Small but Strong: Toddler with heart defects powers through several surgeries

Special Reports

NORTH KINGSTOWN, R.I. (WPRI) — The youngest of Kayla and Josh Robinson’s three kids is the one they all look up to.

“He’s amazing,” Kayla said.  “He’s our hero. The kids say he’s their hero.”

Treyvon Robinson is only 18 months old, but his show of strength started just five days into his life on this earth.

(Courtesy of Kayla Robinson)

“Our whole world crashed in a matter of an hour,” Kayla said, recounting the day vividly.

A doctor appointment for what they thought was a heart murmur, landed them in an ambulance, in a race to save Treyvon’s life.

“We had to rush to Boston and learn within 48 hours that he’d have to have this surgery or he wouldn’t survive,” Kayla said.  “I sat in the front. I had just had my c-section five days ago. I was crying and crying and crying. I didn’t know if he’d survive.”

According to the Centers for Disease Control (CDC), 1% of all babies born in the United States each year, which is approximately 40,000, are affected by a congenital heart defect.  Treyvon is one of those kids, born with one of the rarest forms.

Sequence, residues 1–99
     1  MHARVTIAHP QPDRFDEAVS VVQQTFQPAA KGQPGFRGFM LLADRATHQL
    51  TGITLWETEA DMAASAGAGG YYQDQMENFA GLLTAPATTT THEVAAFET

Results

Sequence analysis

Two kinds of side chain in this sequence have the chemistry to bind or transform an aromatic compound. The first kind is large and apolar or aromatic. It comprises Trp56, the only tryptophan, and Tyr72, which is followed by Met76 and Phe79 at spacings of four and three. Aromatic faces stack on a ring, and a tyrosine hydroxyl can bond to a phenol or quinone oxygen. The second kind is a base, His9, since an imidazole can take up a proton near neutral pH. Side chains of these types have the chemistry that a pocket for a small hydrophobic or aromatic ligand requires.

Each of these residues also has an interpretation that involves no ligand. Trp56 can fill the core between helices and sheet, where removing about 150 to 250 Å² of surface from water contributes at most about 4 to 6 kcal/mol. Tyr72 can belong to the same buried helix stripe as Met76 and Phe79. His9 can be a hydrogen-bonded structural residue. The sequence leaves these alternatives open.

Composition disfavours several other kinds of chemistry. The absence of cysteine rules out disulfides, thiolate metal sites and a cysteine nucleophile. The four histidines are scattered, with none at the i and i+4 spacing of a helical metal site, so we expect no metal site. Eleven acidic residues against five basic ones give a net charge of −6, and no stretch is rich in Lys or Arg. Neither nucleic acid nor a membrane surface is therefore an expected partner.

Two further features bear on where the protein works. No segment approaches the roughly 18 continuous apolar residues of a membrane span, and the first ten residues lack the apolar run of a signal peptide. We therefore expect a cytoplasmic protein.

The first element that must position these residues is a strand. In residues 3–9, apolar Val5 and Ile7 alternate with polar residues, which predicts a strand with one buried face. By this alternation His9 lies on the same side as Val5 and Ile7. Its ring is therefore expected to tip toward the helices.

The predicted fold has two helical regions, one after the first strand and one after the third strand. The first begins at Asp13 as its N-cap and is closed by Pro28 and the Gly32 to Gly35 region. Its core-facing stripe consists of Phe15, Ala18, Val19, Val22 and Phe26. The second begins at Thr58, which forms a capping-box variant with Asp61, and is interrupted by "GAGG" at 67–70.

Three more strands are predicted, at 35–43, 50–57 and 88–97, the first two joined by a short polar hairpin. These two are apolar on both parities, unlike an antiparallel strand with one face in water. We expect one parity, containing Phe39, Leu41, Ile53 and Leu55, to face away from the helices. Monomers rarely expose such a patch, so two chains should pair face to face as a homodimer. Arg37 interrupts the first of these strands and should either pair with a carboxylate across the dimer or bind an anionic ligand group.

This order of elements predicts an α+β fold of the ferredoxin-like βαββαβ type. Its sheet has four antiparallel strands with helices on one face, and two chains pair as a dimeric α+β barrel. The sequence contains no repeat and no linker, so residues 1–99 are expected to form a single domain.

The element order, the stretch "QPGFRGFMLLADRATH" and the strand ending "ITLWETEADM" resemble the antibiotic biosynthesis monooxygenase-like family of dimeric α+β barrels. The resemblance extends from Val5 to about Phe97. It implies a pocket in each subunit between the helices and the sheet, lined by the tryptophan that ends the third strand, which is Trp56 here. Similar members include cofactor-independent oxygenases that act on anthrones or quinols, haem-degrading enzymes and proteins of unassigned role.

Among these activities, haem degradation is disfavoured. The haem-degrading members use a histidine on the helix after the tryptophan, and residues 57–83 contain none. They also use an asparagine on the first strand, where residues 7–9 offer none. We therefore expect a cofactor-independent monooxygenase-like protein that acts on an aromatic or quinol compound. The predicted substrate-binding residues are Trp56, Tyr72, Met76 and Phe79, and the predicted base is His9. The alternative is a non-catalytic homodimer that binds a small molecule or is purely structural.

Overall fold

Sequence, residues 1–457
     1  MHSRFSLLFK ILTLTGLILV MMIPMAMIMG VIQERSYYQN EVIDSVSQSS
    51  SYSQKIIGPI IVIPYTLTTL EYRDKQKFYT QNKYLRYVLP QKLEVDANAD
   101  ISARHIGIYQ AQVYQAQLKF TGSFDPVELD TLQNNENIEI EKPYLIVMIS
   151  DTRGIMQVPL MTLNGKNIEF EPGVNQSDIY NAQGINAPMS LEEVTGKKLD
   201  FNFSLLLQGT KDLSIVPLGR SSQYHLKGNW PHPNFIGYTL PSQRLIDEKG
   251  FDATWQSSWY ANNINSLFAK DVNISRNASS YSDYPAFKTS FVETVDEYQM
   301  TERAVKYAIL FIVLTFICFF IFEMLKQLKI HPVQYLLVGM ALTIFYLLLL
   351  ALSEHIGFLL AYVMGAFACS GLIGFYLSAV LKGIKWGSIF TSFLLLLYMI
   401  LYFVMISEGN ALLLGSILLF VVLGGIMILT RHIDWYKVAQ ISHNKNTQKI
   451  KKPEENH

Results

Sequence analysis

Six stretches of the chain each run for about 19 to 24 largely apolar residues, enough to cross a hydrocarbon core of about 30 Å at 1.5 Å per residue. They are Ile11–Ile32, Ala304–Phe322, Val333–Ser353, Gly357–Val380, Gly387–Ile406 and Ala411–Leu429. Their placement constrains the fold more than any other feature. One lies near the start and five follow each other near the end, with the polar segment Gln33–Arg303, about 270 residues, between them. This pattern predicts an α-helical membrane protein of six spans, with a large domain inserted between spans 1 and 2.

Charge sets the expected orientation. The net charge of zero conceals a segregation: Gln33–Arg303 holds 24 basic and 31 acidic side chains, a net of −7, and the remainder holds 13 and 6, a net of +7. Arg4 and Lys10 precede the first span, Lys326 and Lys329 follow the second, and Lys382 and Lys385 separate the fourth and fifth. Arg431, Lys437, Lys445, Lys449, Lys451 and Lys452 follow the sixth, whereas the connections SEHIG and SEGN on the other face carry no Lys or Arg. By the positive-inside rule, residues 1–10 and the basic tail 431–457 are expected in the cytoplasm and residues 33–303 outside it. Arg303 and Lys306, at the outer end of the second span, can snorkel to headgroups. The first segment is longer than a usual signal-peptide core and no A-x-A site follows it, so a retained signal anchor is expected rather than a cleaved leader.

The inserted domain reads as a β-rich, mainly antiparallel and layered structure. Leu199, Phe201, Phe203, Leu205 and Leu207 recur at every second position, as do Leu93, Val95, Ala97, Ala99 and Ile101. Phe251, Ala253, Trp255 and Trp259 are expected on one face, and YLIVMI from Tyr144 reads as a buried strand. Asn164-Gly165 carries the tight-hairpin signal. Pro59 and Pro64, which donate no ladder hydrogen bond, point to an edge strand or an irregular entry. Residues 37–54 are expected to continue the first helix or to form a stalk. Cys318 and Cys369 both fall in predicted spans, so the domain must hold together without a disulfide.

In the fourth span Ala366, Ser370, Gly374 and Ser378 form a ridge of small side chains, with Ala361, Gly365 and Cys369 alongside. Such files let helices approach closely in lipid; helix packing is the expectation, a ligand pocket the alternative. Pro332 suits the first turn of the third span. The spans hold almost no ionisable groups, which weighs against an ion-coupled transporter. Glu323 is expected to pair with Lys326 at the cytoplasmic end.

(Courtesy of Kayla Robinson)

Most people are born with two ventricles, but Treyvon only has one. He was also born missing a main heart valve, and had other complications. He’s had two open heart surgeries so far, with one more to go.

“This kid, he just rocks right through it. Open heart surgery? No problem,” Kayla said.

It’s not so easy for Kayla and her husband, though. When you’re the parent of a kid born with a congenital heart defect, a cold isn’t just a cold.

“We get nervous with a cold,” Kayla admits. “A cold can go to his heart.  I get scared because some things can end him up in the hospital.”

It’s a fear that was made even more real by the loss of a close friend in February, a little girl named Hannah, also born with congenital heart defects. She was only 1 year old.

(Courtesy of Kayla Robinson)

“It hit home because her mom, we became best friends. We got close through this journey,” Kayla said. 

This month, the Robinson family is walking for Hannah, and every other child born with congenital heart defects in the 9th annual “Keep the Beat Walk” in Danvers, Massachusetts.

“The more money we raise, the more CHD research, the more kids are going to live,” Kayla said. “There’s going to be better treatments. Hopefully, later down the line, there’s going to be a cure.”

Treyvon, the brave little boy with a head full of curls, is their inspiration for every step, because he may be small, but he’s very strong.

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